We spent a wonderful expat Saturday Thanksgiving with friends in London. I managed to find fragrant, delicious squash ideally suited for pumpkin pie (Crown Prince variety, for the intrepid squash pie experimenters among you), our host concocted remarkable gin cocktails (garnished with fresh cranberries, of course) with a cranberry syrup reduction made from our cranberry sauce, and we were able to introduce several non-Americans to the sticky-sweet candy joys of genuine pecan pie.

But best of all, we decided to smoke the turkey out on the grill rather than roast it in the oven. This was purely pragmatic – the oven was too small and the Weber was big enough. This wasn’t best of all simply because the turkey turned out very well, but mainly because someone called the London fire brigade, who showed up due to copious amounts of smoke originating in the vicinity of a house that was under renovation. So we had several concerned firemen shouting over a second-story terrace fence down into our small garden, home of the smoke-house bird.

It was only when our hosts opened the grill to reveal a massive, brown, succulent bird that the faces of the firemen relaxed into smiles. We invited them for dinner but I’m not sure they were impressed by our cooking methods. They wished us a Happy Thanksgiving and left. Thank you for checking in on us, guys, and for letting us finish smoking the bird!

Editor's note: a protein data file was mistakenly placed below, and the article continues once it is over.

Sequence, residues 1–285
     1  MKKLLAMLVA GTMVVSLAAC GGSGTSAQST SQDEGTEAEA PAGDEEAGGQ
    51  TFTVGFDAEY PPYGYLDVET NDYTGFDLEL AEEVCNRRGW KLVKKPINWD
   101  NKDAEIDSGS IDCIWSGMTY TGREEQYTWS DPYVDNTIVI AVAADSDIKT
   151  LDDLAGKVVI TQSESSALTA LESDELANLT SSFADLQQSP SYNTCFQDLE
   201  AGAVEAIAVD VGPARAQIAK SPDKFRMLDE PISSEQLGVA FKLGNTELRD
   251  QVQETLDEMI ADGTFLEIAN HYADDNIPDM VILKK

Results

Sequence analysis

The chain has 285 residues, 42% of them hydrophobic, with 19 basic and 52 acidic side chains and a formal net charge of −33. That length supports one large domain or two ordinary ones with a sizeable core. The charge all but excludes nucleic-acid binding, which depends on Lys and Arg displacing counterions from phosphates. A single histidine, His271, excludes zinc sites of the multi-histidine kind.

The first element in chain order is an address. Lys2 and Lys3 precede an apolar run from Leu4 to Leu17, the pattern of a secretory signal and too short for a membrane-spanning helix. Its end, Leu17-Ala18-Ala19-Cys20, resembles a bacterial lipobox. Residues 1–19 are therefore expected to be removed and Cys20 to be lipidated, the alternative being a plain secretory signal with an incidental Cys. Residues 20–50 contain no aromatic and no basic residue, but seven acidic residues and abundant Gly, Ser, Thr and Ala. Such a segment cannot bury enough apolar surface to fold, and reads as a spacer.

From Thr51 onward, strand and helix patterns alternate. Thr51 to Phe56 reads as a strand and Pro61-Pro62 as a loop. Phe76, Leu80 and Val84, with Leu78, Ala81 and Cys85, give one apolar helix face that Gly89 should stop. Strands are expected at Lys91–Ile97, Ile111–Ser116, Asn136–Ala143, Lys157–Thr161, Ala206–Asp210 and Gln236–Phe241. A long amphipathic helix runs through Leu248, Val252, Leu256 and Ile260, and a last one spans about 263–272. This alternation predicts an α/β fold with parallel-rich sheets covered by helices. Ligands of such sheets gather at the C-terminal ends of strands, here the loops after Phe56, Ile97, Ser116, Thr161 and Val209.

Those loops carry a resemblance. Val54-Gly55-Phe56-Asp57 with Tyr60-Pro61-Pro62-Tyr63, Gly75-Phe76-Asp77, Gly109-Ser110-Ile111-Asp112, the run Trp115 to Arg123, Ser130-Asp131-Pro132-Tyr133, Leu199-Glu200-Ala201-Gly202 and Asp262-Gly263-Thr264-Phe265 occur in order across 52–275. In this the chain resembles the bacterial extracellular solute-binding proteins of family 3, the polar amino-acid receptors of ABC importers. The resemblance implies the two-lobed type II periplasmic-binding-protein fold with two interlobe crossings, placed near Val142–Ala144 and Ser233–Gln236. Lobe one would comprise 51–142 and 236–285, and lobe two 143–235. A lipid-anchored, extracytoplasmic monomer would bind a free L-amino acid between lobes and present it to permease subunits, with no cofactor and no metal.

Expat Thanksgiving

One of the things I miss most about the United States is the Thanksgiving holiday. It’s always been my favorite. No gifts, no costumes, no obligation except to spend time with family and friends, and share thanks for what we have.

Expat Americans tend to feel the magnetic pull of fellow countrypeople around this time, and we usually celebrate the holiday by having a big celebration on the Saturday following the actual Thanksgiving Thursday – after all, kids are in school during the week, and here, it’s just another work day.

It used to be a challenge, or an impossibility, to find the right ingredients for a traditional turkey meal. Oh, potatoes are easy enough, but turkeys the size of a small car just weren’t to be had at any price.

Cranberries? What’s that?

Pumpkin pie? A sweet pie made of squash? Disgusting!

People liked the sound of pecan pie, but the nuts weren’t to be found, and Karo syrup is still an unlikely supermarket product. The pecan has since become a fairly standard imported product.

I’ve noticed that many of my friends Stateside have branched out over the years, trying new and innovative variations on the old themes. In my experience, long-term US expats are all about tradition – it’s a meal that reminds us of home, and is thus not available for much culinary tinkering besides alterations necessitated by a lack of ingredients. For example, I have found that a French squash, the potimarron, makes for a superb and velvety pie filling, while the regular pumpkins that look more like our own are too stringy and watery on this side of the Atlantic to make a decent pie.

Several supermarkets in our area, in response to the very large expat population, now carry just the kind of giant turkeys for which we Americans hanker – mostly fresh, but also frozen. Cranberries can be found if you know where to shop – information passed by excited word-of-mouth starting in late October.

We used to just celebrate with other Americans, but our daughter loved the holiday so much she told her friends, and the gathering last included large numbers of various nationalities who really wanted to try for themselves what they’d seen in American movies. Between her friends and the other families, we usually have at least 25 people sitting down to eat together.

So Happy Thanksgiving – I won’t be having mine until Saturday, but I can practically taste the mashed potatoes already.